Medical marijuana is gaining popularity as a complementary medicine to help with many symptoms associated with chronic illnesses. While many people are curious about how marijuana (or cannabis) may help improve their symptoms, they are also reluctant to smoke the substance. However, there are ways that medical marijuana can be administered, including in tea form.
According to thealternativedaily.com, here are five ways that cannabis tea can help relieve some of the symptoms people with chronic diseases live with. However, make sure you talk to your doctor before starting any new type of treatment plan — including using cannabis.
Marijuana has been associated with pain relief for centuries. Researchers have found the cannabinoids in marijuana dampen pain signals by binding to the pain receptors in the central nervous system (CNS).
In contrast to opiates such as morphine or codeine, cannabis is not addictive and poses no withdrawal symptoms to patients. Cannabis-infused tea is delivered to the whole of the body through the digestive system so the effects are longer lasting and more efficient than smoking.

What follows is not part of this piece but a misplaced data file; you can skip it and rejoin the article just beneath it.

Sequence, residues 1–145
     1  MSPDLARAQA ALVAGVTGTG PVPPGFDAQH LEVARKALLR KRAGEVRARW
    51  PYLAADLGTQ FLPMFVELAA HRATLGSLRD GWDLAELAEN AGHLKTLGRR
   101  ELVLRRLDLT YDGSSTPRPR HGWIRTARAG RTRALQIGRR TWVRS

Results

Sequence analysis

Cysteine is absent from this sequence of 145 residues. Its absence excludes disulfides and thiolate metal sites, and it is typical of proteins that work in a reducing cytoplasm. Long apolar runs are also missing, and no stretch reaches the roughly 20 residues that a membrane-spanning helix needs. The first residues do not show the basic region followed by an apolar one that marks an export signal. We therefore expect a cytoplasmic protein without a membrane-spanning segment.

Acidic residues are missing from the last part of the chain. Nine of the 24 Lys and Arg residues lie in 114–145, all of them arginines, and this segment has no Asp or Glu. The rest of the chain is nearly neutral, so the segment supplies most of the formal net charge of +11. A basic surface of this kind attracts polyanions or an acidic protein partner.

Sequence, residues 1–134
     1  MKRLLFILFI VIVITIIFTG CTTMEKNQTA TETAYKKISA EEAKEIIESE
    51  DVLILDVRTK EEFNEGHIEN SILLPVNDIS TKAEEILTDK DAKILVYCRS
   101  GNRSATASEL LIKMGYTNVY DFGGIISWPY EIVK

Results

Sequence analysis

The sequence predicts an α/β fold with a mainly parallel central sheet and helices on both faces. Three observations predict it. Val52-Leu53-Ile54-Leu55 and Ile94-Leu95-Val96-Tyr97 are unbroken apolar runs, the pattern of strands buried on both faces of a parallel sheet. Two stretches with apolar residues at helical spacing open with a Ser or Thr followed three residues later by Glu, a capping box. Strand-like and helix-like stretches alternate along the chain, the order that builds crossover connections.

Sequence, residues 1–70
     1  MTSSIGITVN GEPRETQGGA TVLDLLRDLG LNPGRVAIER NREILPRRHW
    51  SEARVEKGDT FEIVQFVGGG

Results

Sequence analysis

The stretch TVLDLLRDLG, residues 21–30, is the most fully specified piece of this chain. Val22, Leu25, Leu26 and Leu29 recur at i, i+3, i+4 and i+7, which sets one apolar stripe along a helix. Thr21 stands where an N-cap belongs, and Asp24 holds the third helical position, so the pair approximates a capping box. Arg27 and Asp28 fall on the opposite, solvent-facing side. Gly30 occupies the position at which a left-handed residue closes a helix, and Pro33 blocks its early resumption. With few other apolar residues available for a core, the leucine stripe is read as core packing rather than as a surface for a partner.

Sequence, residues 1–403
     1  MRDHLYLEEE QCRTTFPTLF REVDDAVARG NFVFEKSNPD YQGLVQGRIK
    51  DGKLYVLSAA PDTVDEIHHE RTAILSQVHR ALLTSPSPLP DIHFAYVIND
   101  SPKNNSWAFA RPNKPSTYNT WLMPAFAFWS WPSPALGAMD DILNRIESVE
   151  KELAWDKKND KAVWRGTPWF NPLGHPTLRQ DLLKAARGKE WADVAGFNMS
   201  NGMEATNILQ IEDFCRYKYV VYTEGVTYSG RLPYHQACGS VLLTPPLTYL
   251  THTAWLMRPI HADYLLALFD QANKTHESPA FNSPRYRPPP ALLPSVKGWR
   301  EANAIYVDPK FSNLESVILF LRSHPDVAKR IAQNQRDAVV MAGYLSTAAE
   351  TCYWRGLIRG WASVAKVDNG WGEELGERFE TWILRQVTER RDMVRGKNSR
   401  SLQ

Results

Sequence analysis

Medical marijuana has been found to reduce inflammation associated with many autoimmune diseases such as multiple sclerosis, inflammatory bowel disease, and lupus. It also helps to temper the body’s immune system making it less likely to attack itself.
Protects the brain
Studies of cannabis’s effect on the brain have found that the drug has a neuroprotective effect and appears to slow down or even block the beta-amyloid protein build-ups associated with dementia and Alzheimer’s disease.
Promotes digestive health
Many chronic illnesses present symptoms which affect the gastrointestinal system. Cannabis has been found to improve digestion and relieve symptoms such as cramping, stomach pain, diarrhea, nausea, constipation and acid reflux.
While smoking cannabis may produce mind-altering effects that most people are wary of, drinking cannabis tea can help with stabilizing mood and helping to relieve emotional symptoms associated with chronic illnesses such as depression and anxiety.
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